Middle-east Arab News Opinion | Asharq Al-awsat

‘Euro’ Fears Decline amidst European Crises | ASHARQ AL-AWSAT English Archive 2005 -2017
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International Monetary Fund (IMF) Managing Director Christine Lagarde arrives at a Eurozone finance ministers emergency meeting on the situation in Greece in Brussels, Belgium June 27, 2015. REUTERS/Yves Herman

Cairo – With all the pressure affecting the European economy, the unified European currency has been suffering more than any other amidst warnings on the possibility of collapsing in case European leaders were not able to figure out wide-ranging solutions to save the future of their economies and currency.

Starting from Greece’s chronic debt crisis and worsening of the problems facing Italian banks and threatening the European banking sector and passing by Brexit, the Euro faced a difficult year in 2016.

All what has been facing the euro continued this year with electing Donald Trump, coinciding with the increase of dears on the future of the world economy in general, especially in light of his “protective” calls and his rejection for the free trade agreements.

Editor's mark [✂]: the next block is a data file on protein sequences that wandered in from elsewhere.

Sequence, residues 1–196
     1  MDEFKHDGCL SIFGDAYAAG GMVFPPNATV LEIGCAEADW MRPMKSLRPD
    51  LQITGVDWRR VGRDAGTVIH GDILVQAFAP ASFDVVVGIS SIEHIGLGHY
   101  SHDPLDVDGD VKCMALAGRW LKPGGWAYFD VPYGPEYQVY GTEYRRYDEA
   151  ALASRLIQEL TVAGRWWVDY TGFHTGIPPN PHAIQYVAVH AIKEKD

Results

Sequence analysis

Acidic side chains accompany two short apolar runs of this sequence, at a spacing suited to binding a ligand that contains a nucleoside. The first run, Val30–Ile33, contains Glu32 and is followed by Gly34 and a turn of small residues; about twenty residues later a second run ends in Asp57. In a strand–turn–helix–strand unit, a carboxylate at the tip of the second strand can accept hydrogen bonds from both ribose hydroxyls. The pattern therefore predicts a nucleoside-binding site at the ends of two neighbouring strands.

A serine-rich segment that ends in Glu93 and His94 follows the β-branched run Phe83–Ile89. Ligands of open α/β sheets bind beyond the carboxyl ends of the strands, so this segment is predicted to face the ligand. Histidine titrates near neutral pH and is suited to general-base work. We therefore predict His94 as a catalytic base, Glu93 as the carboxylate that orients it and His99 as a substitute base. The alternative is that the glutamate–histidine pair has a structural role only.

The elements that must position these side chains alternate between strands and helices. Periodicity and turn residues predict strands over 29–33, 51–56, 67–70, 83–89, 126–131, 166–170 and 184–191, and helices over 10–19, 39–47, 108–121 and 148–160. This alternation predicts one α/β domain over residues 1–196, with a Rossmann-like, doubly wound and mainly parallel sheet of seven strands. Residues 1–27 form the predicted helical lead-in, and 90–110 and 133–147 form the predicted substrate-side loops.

Trump’s election came in line with several other elections in Europe that will be carried out this year on senior posts, most prominently in France, Germany and Holland, countries with major economies in Europe.

In circles of fears, numerous warnings were given on risks threatening the future of the European economy, which is theoretically considered the second most powerful economy following that of the United States with GDP amounting to USD16 trillion, according to the report issued by the World Bank for 2017.

In this matter, the economies of the 19 countries sharing the euro currency should converge more or they will suffer from repeated crises, the International Monetary Fund said in a regular assessment of the single currency area.

“Without more convergence, the monetary union is likely to suffer from bouts of instability,” it said.

The Fund said euro zone economic recovery was firming, forecasting growth of about 1.6 percent this year, in 2018 and 2019, but its medium-term growth prospects were weak and buffers to cushion potential risks have grown smaller.

“Countries with high public debt will face difficulty coping with higher borrowing costs when monetary policy makers begin to reduce the extent of accommodation,” the IMF warned.